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Get Ahead of the Flu Before it Gets You

The flu season is unpredictable every year. But you can significantly reduce your risk of getting sick – and lower the risk for those around you – by getting vaccinated.

The more people who are immunized against the flu, the less likely flu will be passed on to people who are susceptible. This is called “herd immunity.”

Mark Shelly, M.D., Director of Infectious Disease“When an infection introduces itself to a population, there’s a certain likelihood that it will pass to another person in the ‘herd,’” says Mark Shelly, M.D., Director of Infectious Disease at Highland Hospital. “When everyone around that person has immunity, they are unlikely to spread that infection to anyone else.

“By increasing immunity of the ‘herd,’ you reduce the number of infections.”

Getting vaccinated can be just as important for healthy people or people who might not feel the effects of flu as severely as others.

“What we know is if you go around checking for the virus, those who don’t get terribly ill or who only get a mild illness, may in fact be having the flu for that year,” Dr. Shelly says. “Those people can be the vector or mode of transmission to the people they’re caring for.”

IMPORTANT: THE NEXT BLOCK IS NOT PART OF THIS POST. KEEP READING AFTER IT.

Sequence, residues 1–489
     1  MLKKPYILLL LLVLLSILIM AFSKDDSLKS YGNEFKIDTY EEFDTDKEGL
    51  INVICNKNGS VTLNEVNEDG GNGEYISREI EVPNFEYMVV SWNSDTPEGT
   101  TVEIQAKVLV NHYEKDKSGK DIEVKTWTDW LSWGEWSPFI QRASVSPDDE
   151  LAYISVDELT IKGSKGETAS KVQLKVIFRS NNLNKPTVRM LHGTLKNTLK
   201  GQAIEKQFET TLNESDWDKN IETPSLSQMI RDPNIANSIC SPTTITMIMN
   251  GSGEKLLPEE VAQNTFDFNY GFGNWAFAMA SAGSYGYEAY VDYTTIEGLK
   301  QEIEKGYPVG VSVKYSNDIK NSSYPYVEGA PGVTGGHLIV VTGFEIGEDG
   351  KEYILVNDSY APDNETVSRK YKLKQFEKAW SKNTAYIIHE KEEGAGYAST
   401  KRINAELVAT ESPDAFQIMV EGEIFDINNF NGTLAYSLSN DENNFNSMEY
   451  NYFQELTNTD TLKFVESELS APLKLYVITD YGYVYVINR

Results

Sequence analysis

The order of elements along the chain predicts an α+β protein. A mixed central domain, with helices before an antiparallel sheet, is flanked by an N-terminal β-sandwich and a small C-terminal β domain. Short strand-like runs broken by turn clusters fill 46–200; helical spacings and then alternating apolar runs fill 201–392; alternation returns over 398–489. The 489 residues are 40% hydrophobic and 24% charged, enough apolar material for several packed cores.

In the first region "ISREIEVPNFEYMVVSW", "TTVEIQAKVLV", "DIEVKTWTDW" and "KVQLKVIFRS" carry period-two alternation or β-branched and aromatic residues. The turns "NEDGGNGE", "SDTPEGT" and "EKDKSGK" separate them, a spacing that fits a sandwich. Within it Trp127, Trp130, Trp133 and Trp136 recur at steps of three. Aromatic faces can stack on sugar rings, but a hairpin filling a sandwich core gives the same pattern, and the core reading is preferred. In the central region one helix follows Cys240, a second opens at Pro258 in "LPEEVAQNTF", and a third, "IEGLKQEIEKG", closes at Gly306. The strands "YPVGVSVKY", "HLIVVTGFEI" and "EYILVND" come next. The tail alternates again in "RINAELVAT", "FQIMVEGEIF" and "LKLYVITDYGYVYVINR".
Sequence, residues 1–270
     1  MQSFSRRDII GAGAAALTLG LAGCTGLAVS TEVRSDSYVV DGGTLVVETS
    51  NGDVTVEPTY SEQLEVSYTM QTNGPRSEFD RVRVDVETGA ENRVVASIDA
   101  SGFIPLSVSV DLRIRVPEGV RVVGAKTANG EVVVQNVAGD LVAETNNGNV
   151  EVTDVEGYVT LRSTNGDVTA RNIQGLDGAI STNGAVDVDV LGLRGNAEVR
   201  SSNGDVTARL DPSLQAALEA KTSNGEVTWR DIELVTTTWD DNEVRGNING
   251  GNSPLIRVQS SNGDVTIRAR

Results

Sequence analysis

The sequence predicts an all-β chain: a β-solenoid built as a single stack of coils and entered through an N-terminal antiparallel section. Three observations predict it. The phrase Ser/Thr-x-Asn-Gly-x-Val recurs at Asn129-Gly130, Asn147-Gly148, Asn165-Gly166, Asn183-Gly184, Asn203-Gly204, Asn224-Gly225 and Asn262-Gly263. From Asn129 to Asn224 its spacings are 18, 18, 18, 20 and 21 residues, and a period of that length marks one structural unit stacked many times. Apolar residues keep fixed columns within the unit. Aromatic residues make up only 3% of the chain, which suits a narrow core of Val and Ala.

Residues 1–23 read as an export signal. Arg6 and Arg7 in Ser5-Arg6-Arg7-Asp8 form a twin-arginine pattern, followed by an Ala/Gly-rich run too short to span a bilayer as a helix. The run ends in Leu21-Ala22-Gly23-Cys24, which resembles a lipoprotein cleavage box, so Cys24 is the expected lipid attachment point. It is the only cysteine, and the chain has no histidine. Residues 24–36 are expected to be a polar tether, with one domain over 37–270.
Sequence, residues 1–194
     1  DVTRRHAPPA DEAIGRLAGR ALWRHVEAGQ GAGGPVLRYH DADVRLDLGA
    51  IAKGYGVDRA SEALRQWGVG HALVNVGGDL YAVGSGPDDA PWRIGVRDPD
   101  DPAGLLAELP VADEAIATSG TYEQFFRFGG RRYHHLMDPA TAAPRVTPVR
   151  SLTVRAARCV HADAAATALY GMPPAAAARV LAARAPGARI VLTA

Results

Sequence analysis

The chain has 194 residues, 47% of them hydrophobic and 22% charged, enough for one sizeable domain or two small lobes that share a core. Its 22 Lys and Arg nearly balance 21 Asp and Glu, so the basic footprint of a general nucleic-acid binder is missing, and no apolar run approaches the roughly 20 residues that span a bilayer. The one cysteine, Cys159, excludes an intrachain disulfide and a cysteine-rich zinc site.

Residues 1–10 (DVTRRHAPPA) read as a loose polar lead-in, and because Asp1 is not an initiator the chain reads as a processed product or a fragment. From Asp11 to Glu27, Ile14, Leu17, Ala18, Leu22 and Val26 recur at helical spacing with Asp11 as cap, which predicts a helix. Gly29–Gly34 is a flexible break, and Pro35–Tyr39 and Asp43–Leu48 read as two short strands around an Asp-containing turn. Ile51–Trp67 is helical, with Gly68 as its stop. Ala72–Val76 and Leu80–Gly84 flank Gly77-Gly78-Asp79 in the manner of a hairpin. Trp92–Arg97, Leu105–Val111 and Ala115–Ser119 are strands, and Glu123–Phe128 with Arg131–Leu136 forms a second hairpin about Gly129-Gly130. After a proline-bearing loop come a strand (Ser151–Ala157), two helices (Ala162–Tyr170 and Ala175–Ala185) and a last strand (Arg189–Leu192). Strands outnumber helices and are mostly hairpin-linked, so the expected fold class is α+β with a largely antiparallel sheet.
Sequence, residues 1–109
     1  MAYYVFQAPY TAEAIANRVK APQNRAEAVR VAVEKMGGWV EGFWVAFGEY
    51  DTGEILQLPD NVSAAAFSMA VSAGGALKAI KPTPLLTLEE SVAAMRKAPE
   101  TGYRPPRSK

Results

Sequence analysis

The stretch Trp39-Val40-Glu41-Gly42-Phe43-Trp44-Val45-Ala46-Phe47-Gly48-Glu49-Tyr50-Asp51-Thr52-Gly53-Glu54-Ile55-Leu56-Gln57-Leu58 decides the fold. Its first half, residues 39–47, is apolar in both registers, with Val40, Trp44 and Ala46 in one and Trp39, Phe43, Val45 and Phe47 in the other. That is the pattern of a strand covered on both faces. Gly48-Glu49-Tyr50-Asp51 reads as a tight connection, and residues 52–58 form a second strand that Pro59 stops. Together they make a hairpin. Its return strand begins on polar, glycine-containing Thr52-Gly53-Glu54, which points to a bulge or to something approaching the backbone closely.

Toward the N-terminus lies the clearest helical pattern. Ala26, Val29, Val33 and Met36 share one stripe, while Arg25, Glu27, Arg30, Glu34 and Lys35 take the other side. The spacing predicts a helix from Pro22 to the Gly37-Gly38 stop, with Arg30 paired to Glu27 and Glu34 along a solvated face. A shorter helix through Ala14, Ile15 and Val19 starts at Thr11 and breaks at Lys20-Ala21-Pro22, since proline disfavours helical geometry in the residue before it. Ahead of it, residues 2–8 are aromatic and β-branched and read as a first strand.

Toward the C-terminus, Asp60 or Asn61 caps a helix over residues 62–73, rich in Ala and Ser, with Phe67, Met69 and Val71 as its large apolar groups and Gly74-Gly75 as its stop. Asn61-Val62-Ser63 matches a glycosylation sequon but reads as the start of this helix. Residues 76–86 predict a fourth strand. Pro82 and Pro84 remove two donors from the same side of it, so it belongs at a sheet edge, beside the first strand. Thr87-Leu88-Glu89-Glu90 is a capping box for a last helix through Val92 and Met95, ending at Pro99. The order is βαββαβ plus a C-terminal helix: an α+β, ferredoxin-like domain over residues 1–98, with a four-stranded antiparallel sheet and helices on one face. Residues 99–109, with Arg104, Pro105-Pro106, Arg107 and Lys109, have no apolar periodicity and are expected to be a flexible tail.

Dr. Shelly says “presenteeism,” or going to work when you are sick, also is a concern. Co-workers can potentially be exposed to the flu virus.

However, you can avoid the flu easily by getting vaccinated: You will be protecting yourself, and keeping those around you safe, too.

Everyone older than six months of age should get vaccinated, except for the few people who have contraindications to the flu vaccine. According to the Centers for Disease Control and Prevention (CDC), vaccinations are especially important for:

  • People 65 years and older
  • Pregnant women
  • People who have certain medical conditions including asthma, diabetes, and chronic lung disease.
  • Caregivers of people with medical conditions (indicated above)

This season’s flu vaccine will protect against three flu viruses, including H1N1, H3N2 and an influenza B virus.

For more information on the 2012-2013 flu season, visit www.cdc.gov/flu/.

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